Neurocritical Care

, Volume 10, Issue 1, pp 136–140 | Cite as

The Parkinsonism-Hyperpyrexia Syndrome

  • Edward J. Newman
  • Donald G. Grosset
  • Peter G. E. Kennedy


The parkinsonism-hyperpyrexia syndrome (PHS) is a rare but potentially fatal complication seen in Parkinson’s disease (PD) patients, most commonly following reduction or cessation of antiparkinson medications. Clinically it resembles neuroleptic malignant syndrome with rigidity, pyrexia, and reduced conscious level. There may be features of autonomic instability, and serum creatine kinase (CK) may be elevated. Complications of PHS include acute renal failure, aspiration pneumonia, deep venous thrombosis/pulmonary embolism, and disseminated intravascular coagulation (DIC). Management consists of dopaminergic drug replacement, supportive measures, and treatment of complications. The prognosis is improved with early recognition and management. Mortality of up to 4% has been reported, but an additional one-third of patients have permanent sequelae. Patients and physicians should be warned against sudden reduction in antiparkinson medications. PHS should always be considered in a patient with parkinsonism who presents with an acute deterioration in symptoms.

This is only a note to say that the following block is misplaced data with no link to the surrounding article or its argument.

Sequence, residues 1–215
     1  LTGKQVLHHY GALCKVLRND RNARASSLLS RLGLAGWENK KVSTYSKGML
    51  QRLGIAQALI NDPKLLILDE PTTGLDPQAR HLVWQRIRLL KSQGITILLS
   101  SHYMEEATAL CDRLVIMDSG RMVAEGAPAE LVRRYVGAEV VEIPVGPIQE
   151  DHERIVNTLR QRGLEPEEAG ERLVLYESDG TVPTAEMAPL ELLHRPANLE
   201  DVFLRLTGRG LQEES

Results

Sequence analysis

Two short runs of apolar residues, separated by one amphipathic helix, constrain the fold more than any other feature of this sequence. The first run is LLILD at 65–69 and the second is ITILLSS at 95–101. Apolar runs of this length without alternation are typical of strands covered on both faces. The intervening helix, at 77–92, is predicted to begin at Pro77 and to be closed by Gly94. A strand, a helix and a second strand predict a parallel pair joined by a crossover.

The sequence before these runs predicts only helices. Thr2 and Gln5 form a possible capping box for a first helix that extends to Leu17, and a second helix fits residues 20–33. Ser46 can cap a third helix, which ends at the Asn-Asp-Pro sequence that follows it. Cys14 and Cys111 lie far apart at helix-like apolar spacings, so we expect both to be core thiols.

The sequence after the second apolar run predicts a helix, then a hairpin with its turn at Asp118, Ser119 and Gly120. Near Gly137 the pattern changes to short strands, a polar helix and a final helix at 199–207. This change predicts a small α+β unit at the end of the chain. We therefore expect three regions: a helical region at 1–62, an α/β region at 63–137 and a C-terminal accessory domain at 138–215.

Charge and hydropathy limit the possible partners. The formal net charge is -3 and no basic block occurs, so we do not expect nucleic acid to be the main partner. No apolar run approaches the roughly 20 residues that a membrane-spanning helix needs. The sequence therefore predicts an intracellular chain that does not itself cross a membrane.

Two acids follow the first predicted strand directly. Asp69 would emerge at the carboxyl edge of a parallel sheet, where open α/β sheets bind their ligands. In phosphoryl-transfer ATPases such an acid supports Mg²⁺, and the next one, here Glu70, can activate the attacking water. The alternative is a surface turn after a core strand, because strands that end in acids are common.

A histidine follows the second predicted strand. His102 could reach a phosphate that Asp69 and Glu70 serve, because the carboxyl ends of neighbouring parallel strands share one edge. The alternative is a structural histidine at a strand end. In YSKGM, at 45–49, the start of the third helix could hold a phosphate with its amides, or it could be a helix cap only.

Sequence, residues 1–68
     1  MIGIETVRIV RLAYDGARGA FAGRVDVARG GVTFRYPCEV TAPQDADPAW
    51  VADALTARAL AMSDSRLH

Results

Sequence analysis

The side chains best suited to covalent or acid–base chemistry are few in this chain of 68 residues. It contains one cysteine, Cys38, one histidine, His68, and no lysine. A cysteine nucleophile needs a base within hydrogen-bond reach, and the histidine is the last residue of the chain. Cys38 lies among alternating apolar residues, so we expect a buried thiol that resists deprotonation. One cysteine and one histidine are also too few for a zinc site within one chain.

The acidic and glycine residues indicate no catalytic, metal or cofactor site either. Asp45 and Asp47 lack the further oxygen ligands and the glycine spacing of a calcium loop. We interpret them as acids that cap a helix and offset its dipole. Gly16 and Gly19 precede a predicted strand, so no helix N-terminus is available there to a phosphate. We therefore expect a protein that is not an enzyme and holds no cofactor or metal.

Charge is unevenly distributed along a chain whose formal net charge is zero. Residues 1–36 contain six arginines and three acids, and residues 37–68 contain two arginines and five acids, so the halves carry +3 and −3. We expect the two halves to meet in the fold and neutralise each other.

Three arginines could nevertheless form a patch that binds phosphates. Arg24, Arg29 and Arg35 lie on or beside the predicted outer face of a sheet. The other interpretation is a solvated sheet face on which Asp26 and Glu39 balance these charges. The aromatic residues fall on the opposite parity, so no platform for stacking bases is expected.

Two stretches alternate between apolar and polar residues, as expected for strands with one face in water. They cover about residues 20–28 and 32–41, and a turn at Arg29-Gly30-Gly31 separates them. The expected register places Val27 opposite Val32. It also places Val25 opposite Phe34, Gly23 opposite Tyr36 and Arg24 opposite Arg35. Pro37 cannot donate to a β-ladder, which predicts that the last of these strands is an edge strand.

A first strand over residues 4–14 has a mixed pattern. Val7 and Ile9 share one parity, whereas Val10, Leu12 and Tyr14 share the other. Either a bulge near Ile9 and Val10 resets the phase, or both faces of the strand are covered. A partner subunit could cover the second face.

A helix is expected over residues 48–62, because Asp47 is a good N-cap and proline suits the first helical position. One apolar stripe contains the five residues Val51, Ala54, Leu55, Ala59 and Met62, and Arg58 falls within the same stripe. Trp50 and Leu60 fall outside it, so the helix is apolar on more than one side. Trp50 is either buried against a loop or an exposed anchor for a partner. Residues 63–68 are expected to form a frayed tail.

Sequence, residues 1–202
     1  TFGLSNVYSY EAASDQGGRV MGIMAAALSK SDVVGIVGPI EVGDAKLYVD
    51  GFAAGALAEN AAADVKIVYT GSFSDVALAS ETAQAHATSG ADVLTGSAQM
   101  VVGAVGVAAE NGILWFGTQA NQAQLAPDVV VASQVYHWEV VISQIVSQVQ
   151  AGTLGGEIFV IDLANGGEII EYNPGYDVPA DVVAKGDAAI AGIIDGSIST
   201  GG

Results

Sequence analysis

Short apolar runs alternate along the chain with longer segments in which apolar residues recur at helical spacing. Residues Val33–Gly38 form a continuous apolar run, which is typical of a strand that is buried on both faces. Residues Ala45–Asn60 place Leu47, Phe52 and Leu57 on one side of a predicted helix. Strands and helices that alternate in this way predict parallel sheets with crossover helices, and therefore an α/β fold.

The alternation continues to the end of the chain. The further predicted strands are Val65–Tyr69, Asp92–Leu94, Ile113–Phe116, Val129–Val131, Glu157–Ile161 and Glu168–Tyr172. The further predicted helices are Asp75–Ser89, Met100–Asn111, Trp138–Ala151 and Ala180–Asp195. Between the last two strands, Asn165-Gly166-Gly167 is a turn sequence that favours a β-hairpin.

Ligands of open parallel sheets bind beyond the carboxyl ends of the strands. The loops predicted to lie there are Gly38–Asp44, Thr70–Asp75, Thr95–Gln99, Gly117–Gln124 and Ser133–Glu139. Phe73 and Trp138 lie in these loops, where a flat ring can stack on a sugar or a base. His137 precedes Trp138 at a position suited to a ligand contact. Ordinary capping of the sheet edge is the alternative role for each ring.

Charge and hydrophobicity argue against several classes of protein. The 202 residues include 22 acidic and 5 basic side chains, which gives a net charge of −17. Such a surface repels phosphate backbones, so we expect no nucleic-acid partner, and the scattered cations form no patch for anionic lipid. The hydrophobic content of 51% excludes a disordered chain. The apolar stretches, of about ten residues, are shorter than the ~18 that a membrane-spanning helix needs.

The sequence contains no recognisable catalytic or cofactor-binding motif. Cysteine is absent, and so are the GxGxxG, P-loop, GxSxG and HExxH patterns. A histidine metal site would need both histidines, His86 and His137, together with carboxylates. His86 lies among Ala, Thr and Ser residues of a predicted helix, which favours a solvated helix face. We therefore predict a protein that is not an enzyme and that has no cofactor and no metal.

Parkinsonism Hyperpyrexia Syndrome 


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Copyright information

© Humana Press Inc. 2008

Authors and Affiliations

  • Edward J. Newman
    • 1
  • Donald G. Grosset
    • 1
  • Peter G. E. Kennedy
    • 1
  1. 1.Department of NeurologyInstitute of Neurological Sciences, Southern General HospitalGlasgowUK

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